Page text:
Fig. 3
figure 3

NCT-WES response matrix in terms of expected number of measured pulses in the TNPD, per emitted neutron, as a function of the energy and the detector position. R(E) represents the counts per emitted neutron at 136 cm from the front face. Pi (\(i=1,6\)) indicates the detector position inside the NCT-WES

Fig. 4
figure 4

Experimental and “folded” normalised counts in the NCT-WES internal detectors exposed to the un-collided field (total field—shadow-cone). Only the uncertainties on the simulated profile (about 5%) are reported for a better readability. Line is only a guide for the eye. The centre of the shallowest detector is located at 0.72 cm from the end of the collimator. Detectors’ spacing (centre to centre) is 1.3 cm from the 1st to the 4th, and 2 cm from the 4th to the 6th. The detectors are parallelepiped with external dimensions of 0.32 cm \(\times\) 1.5 cm \(\times\) 1.3 cm and are connected through a 2-mm-diameter coaxial cable

4 Data collection and analysis

Data acquisition time for the shadow-cone measurements was of order 1200 seconds, allowing the achievement of statistical uncertainties better than 2% on the number of counts in TNPDs above the 0.6 V threshold. The total field measurement lasted the same time, with statistical uncertainties better than 1%. For both “total field” and “shadow-cone” measurements, the counts in the TNPD were normalised to the \(^{3}\)He counter reading. This is termed “normalised count”. For each detector position, the normalised count due to the un-collided component was evaluated by subtracting the shadow-cone normalised count from the total field normalised count. If compared to the un-collided component, the scattered one varied from less than 6% (position 6) to 7.5% (position 1). When plotting the un-collided normalised count against the detector position, the profile “Experimental” in Fig. 4 is obtained. Uncertainties on these data (not shown in the figure for a better readability) are of order \(\pm 3\%\) and arise from the quadratic combination of the counting statistics (\(\pm 1\%\)) and the detector-to-detector response variability (\(\pm 3\%\)). Experimental data were unfolded using the FRUIT code [17]. As in the case of the Bonner spheres, the unfolding process is under-determined, as it pretends to determine a multi-group neutron spectrum starting from usually less than ten measurements (the normalised detector counts). Thus, the number of mathematical functions able at reproducing the experimental data is potentially infinite. A way to orientate the unfolding code towards a physically acceptable solution is to complement the unfolding process with some amount of pre-information, in addition to the response matrix, detector counts and related uncertainties. A “realistic” starting spectrum is the classical way to provide such pre-information. The unfolding code will fold the starting spectrum with the response matrix and “move” portions of neutron fluence from energy regions to others, attempting to reproduce the measured data. This iterative process has clearly limited energy resolution, so that fine structures such as narrow peaks will not appear in the resulting spectrum if they have not been introduced in the guess-spectrum. By contrast, the appearance of unexpected structures in the resulting spectrum often indicates that an inadequate starting spectrum was chosen. To unfold the data from the current experiment, a previously determined Bonner spheres spectrum [18] was used as starting spectrum. Figure 5 shows the starting spectrum as well as the unfolded one. Both fluence spectra are normalised to one count in the \(^{3}\)He monitor and refer to a conventional distance of 100 cm, corresponding to the point where the Bonner spheres were exposed in the experiment of Ref. [18]. The FRUIT code was applied in “Special Gradient Method” [19]. NCT-WES was exposed at a different distance (136 cm), and its spectrum was rescaled using the inverse square law to compare with BSS. It should be noted that whilst the BSS spectrum includes the component scattered by bulky metallic supporting structures, NCT-WES one only includes the un-collided one. So the first spectrum was expected to be larger than the second one, as evidenced by the results in Fig. 5. The reported spectra have uncertainties specified bin by bin. FRUIT derives these uncertainties by propagating uncertainties on the input quantities through the unfolding process [19]. A way to evaluate the unfolded spectrum is to apply it to the response matrix, deriving the so-called folded counts, in turn comparing them to the “experimental counts”. This is done in Fig. 4 showing a satisfactory agreement. Uncertainties of the folded counts of order 5% and arise from the quadratic combination of: (1) NCT-WES Monte Carlo modelling (\(\pm 2\%\), based on Ref. [6]); (2) distance and alignment (\(\pm 4\%\)) and (3) unfolding process (\(\pm 2.5\%\)).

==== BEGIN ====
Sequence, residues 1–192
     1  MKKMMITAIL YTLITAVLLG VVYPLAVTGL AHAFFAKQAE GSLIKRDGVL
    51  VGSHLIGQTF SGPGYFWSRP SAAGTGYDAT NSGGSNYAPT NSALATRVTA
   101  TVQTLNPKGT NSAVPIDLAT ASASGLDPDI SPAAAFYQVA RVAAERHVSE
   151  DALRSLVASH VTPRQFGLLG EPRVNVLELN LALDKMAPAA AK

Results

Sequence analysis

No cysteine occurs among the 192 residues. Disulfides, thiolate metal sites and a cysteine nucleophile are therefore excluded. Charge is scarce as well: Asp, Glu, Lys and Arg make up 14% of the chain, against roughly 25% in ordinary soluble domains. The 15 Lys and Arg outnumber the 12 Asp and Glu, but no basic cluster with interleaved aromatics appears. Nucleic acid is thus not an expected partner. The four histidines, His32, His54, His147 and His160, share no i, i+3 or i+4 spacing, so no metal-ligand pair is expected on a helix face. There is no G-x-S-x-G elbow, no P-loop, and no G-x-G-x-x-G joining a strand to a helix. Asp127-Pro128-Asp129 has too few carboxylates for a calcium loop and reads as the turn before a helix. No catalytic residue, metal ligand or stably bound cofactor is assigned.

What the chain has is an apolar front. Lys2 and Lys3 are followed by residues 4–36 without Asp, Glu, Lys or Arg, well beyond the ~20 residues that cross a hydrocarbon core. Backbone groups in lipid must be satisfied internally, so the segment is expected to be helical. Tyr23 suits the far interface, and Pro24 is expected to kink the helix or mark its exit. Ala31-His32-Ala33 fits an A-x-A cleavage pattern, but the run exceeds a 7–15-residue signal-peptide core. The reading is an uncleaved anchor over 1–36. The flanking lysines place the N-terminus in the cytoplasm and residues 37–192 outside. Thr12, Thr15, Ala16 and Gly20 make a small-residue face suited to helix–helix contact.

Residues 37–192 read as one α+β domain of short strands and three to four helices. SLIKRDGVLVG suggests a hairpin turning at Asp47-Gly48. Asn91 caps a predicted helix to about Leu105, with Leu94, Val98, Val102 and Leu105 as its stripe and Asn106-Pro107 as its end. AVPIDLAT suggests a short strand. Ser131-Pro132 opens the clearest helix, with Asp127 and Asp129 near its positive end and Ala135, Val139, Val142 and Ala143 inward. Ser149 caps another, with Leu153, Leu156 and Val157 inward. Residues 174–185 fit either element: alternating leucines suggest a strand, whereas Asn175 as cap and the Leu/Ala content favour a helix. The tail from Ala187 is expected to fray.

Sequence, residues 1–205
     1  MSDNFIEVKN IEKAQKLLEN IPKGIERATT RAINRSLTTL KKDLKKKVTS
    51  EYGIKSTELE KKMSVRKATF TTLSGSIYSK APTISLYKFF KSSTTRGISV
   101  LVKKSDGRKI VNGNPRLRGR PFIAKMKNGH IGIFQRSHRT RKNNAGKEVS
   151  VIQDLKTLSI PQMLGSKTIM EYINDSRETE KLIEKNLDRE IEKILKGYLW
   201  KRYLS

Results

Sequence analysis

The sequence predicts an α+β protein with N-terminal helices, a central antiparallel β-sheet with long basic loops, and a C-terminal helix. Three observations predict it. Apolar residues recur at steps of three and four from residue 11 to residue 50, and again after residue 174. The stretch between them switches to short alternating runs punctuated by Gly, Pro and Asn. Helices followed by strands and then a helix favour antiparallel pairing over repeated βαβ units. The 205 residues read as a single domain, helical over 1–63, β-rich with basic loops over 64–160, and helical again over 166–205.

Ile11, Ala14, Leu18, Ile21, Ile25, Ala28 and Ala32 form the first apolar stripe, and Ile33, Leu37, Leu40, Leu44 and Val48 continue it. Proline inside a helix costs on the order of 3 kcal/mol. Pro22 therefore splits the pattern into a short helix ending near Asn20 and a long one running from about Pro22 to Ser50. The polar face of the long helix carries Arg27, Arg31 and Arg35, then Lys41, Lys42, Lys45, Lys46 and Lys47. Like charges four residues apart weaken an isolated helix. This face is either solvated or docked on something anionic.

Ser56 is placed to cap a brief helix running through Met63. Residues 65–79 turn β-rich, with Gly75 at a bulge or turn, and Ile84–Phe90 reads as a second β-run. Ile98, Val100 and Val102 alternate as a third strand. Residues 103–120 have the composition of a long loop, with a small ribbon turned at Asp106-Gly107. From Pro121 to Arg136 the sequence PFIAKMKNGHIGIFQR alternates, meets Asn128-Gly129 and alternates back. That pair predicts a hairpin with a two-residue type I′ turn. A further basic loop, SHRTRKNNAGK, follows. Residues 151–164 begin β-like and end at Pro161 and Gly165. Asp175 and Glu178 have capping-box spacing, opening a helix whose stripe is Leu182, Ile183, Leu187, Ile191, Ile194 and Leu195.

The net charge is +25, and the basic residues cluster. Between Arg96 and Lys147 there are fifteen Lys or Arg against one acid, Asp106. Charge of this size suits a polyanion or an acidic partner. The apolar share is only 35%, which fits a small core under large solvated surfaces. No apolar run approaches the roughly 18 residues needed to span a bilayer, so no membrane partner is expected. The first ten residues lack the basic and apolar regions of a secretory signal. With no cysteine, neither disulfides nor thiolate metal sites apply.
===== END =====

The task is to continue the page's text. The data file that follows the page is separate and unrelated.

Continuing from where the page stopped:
Fig. 5
figure 5

Starting and unfolded spectra

5 Conclusions

Compact accelerator-driven fusion neutron sources are a practical tool in neutron science for a series of applications, but their emission is anisotropic in terms of intensity and energy distribution. An accurate characterisation of such sources would ideally require a directional neutron spectrometer. The novel single-moderator NCT-WES spectrometer is a good candidate for this application as it combines directional response, simultaneous determination of all energy components, easy operation and high sensitivity. To prove its adequacy for the purpose, NCT-WES was used to measure the near-target 3.1 MeV neutron field produced at 0\(^{\circ }\) from the D–D target of the Frascati neutron generator. To account for the non-uniform irradiation condition experienced in the near-target field, a dedicated response matrix was developed. The angular emission and energy distribution were considered constant over the small angle covered by the collimating entrance of the spectrometer. The resulting neutron spectrum is coherent with that previously derived with Bonner spheres. NCT-WES proved to be a promising device for angular spectrometric characterisation of neutron-emitting targets.